Nothing in a computer built into a TV makes it less attackable than a PC. Internet-connected TVs have IP addresses, always-on network interfaces, CPUs, storage, memory, and operating systems -- the details that have offered hackers a bounty of attack choices for the last three decades.
Can we make Internet TVs more secure than regular computers? Yes. Will we? Probably not. We never do the right things proactively. Instead, we as a global society appear inclined to accept half-baked security solutions that are more like Band-Aids than real protection.
I've successfully hacked Internet-connected TVs before. When I worked at Foundstone, my penetration-testing team got paid to try and break into the world's largest cable television provider's set-top box -- one of the first so-called IP TVs. Regular televisions were connected to set-top boxes, which were simply a custom personal computer appliance running a specialized version of BSD.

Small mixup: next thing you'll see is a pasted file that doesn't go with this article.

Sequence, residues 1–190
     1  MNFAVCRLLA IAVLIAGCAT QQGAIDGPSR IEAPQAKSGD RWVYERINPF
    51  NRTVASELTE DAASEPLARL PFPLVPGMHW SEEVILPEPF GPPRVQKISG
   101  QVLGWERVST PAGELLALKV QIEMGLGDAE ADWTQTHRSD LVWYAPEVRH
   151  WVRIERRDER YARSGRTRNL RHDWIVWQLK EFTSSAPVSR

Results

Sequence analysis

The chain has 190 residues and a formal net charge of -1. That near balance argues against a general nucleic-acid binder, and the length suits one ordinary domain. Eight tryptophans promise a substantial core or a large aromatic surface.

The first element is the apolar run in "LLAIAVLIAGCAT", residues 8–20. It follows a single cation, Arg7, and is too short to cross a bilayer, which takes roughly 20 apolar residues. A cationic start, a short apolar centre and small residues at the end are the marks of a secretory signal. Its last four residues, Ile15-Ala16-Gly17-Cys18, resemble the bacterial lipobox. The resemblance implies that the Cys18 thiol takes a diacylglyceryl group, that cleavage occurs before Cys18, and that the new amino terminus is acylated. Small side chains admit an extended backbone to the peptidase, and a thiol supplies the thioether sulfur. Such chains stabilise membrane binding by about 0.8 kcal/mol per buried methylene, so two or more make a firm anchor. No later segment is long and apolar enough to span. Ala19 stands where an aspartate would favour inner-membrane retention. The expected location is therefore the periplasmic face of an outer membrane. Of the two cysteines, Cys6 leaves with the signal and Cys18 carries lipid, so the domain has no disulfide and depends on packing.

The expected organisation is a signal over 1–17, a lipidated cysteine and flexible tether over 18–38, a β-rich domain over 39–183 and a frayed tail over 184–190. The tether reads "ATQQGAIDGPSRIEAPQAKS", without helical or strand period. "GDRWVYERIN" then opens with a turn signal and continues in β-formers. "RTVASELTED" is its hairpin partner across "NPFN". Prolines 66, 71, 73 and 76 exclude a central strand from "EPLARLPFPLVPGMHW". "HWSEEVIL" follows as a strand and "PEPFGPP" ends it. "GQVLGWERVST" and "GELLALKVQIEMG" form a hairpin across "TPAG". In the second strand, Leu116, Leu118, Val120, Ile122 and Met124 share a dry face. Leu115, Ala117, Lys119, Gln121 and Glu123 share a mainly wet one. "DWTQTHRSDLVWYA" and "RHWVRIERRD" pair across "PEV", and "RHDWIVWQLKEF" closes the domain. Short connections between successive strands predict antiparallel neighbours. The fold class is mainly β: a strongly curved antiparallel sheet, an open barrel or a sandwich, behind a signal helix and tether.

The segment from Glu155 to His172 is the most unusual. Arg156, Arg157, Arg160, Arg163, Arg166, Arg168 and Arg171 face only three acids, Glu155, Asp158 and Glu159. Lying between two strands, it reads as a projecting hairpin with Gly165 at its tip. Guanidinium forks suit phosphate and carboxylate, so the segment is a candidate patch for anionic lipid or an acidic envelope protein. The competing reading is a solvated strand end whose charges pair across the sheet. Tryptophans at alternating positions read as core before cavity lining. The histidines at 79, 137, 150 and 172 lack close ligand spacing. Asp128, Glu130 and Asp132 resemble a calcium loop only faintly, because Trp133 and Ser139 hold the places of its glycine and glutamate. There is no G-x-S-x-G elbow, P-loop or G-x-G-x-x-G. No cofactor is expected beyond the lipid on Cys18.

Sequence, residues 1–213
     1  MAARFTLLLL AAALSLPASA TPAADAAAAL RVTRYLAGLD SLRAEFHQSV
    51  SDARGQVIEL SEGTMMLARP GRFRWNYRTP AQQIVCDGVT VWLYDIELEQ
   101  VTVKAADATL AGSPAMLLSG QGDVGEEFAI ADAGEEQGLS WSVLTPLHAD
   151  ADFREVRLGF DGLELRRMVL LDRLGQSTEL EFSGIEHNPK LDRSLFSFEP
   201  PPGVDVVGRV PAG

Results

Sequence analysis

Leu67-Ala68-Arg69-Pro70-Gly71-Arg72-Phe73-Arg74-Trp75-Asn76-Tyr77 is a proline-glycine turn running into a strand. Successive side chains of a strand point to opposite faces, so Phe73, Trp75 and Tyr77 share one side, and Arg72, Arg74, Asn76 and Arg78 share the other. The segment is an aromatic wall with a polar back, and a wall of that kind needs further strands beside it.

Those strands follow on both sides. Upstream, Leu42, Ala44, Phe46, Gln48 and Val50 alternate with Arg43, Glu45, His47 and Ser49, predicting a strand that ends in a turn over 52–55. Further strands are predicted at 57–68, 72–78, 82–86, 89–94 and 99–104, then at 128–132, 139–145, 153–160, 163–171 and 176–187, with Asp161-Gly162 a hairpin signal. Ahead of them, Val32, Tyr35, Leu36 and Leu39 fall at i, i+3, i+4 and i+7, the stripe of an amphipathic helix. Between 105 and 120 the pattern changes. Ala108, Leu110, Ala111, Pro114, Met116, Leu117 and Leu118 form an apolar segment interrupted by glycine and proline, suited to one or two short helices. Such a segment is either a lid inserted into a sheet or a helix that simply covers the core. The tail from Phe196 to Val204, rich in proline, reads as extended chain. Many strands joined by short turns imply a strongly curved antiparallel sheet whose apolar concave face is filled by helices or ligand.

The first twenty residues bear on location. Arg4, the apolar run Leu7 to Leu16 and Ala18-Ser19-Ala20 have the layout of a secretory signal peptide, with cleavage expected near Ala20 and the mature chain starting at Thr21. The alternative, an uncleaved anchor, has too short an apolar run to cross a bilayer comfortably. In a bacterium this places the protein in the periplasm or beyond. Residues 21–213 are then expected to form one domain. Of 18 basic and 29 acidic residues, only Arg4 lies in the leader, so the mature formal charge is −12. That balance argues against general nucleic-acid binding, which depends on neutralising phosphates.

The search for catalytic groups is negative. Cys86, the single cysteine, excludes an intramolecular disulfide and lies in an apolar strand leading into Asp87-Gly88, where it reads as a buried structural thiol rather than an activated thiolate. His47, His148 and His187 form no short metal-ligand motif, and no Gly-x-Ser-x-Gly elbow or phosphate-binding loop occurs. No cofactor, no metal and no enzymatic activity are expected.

Our goal was to see if we could hack into the set-top box, steal customer personal information, pirate services, and incur denial-of-service conditions. Just for yucks, I added two more objectives: to see if we could steal porn (typically, one of the biggest revenue streams for cable companies) or force porn onto another television that was watching Disney content, with the idea that offended customers would drop their service.